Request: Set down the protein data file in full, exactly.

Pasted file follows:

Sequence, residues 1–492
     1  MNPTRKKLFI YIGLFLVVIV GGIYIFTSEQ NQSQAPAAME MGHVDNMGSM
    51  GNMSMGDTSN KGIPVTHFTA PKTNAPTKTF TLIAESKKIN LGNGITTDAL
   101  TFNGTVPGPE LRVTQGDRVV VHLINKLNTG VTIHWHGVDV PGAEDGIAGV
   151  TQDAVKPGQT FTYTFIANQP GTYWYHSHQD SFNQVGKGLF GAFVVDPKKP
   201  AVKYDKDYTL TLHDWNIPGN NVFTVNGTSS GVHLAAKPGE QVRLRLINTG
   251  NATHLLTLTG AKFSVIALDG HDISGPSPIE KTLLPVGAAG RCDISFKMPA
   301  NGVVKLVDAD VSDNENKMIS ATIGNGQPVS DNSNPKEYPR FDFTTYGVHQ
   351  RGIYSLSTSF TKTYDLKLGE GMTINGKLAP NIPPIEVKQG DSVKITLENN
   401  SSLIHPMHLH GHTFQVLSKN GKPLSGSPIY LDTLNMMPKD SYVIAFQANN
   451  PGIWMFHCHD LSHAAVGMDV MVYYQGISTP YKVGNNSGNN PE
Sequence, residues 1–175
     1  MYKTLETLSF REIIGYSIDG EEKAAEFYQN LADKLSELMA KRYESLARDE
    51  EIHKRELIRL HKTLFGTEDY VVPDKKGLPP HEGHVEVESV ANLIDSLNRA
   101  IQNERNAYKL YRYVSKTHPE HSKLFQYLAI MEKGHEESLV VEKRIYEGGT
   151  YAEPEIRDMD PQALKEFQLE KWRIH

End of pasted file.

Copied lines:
Sequence, residues 1–492
     1  MNPTRKKLFI YIGLFLVVIV GGIYIFTSEQ NQSQAPAAME MGHVDNMGSM
    51  GNMSMGDTSN KGIPVTHFTA PKTNAPTKTF TLIAESKKIN LGNGITTDAL
   101  TFNGTVPGPE LRVTQGDRVV VHLINKLNTG VTIHWHGVDV PGAEDGIAGV
   151  TQDAVKPGQT FTYTFIANQP GTYWYHSHQD SFNQVGKGLF GAFVVDPKKP
   201  AVKYDKDYTL TLHDWNIPGN NVFTVNGTSS GVHLAAKPGE QVRLRLINTG
   251  NATHLLTLTG AKFSVIALDG HDISGPSPIE KTLLPVGAAG RCDISFKMPA
   301  NGVVKLVDAD VSDNENKMIS ATIGNGQPVS DNSNPKEYPR FDFTTYGVHQ
   351  RGIYSLSTSF TKTYDLKLGE GMTINGKLAP NIPPIEVKQG DSVKITLENN
   401  SSLIHPMHLH GHTFQVLSKN GKPLSGSPIY LDTLNMMPKD SYVIAFQANN
   451  PGIWMFHCHD LSHAAVGMDV MVYYQGISTP YKVGNNSGNN PE
Sequence, residues 1–175
     1  MYKTLETLSF REIIGYSIDG EEKAAEFYQN LADKLSELMA KRYESLARDE
    51  EIHKRELIRL HKTLFGTEDY VVPDKKGLPP HEGHVEVESV ANLIDSLNRA
   101  IQNERNAYKL YRYVSKTHPE HSKLFQYLAI MEKGHEESLV VEKRIYEGGT
   151  YAEPEIRDMD PQALKEFQLE KWRIH